9. Get Organization Buy-In Before and After You Design the Plan. Getting the right technical answer on the compensation plan is only part of the battle. To ensure success, the organization must be involved or represented during the evaluation, design, and implementation process. Pull in key executives and the opinion leaders in the organization early in the process to develop shared responsibility for plan development and results. A good plan, effectively implemented will produce far better results than a great plan poorly implemented. Many high-performing organizations use a 30, 60, 90 day audit process to check understanding, behaviors, and results from the plan through their sales compensation dashboards. Do you have a process in place to communicate plan changes, link them with the company’s strategy, accurately track performance, evaluate plan effectiveness, and make any necessary course corrections? By conducting regular, periodic evaluations and tune-ups along the way, you can avoid reacting to costly business damage and operate a plan that will successfully drive business results.

Sales Comp Diamond

10. Follow a Proven Evaluation and Design Process. At the first mention of the sales compensation plan, many executives tend to pull out their calculators and start re-working the payout rates and mechanics. Beware of the temptation to jump to the details first because that’s really the end of the process. Start by understanding the organization’s sales strategy and the job’s key roles. Then follow a proven process to evaluate and design the plan. Follow the Sales Compensation Design Process through two passes. First, evaluate the plans qualitatively and quantitatively on each of the components. Then design your plans following the process, which continues with how you implement and manage the plan on an ongoing basis through the year. Getting into an evaluation and design cycle like this will allow you to proactively manage the program each year.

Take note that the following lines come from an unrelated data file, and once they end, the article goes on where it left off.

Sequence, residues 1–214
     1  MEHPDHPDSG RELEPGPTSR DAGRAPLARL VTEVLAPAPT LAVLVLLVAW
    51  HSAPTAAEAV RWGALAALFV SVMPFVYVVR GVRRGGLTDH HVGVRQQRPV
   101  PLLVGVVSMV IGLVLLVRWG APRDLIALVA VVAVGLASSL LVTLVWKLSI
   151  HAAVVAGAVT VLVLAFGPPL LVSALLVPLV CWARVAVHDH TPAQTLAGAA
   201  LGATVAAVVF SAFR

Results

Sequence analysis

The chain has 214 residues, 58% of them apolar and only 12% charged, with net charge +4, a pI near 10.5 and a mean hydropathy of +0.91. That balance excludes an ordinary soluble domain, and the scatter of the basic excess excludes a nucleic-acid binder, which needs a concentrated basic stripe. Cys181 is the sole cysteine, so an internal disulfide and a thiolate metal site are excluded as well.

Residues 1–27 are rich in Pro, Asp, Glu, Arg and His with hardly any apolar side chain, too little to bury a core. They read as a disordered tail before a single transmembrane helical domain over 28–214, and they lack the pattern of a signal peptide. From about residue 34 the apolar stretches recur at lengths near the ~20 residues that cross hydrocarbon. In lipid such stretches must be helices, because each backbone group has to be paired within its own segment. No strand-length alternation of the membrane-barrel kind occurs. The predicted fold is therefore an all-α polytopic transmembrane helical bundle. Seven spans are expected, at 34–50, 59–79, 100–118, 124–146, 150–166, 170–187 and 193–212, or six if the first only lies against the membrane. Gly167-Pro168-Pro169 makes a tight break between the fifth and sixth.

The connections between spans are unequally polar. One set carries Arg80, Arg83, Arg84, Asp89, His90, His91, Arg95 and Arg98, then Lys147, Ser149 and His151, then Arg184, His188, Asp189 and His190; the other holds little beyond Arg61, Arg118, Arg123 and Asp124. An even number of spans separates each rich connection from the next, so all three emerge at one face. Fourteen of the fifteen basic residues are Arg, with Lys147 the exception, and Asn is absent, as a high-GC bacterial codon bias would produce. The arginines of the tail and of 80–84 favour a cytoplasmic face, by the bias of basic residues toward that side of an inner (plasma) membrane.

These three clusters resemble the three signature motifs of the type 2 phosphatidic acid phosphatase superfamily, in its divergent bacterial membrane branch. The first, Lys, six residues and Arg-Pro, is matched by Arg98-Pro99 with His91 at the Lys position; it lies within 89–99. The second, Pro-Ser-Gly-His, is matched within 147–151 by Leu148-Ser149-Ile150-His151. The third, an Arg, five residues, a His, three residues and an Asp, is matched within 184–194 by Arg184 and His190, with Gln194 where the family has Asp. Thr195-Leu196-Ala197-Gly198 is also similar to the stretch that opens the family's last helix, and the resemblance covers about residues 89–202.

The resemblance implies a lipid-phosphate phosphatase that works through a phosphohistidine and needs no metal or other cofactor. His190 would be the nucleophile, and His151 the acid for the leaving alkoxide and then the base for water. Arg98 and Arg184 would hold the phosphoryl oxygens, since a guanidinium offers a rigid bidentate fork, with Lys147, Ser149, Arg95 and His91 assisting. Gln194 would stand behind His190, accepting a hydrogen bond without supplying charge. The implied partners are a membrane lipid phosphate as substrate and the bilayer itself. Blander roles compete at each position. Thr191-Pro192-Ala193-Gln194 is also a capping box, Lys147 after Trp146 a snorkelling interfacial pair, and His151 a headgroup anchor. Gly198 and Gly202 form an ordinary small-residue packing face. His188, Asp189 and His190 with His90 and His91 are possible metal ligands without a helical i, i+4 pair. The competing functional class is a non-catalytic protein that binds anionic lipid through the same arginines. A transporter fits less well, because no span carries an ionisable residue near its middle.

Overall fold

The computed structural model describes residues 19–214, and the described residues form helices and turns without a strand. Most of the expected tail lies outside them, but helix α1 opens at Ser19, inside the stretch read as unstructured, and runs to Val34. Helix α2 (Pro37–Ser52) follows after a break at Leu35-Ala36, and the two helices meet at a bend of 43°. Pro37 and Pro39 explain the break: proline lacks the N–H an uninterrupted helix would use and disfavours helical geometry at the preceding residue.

Taking Action- Get Your Sales Comp Report Card
As you get started, identify your organization’s issues in the areas of sales compensation and sales effectiveness and remember that they are usually connected. Then follow the rules during your evaluation and design process. To begin, it’s important to understand the strengths and weaknesses of your sales compensation program. One of the most effective ways to get an initial, objective reading is to use a sales compensation report card that grades each major component of the plan. The report card will provide your organization with direction on where to focus and in what priority. With those objectives at-hand, you’ll be ready to conduct a rigorous evaluation and plan design process and develop a program that will support your business objectives.

Copyright © 2014; SalesGlobe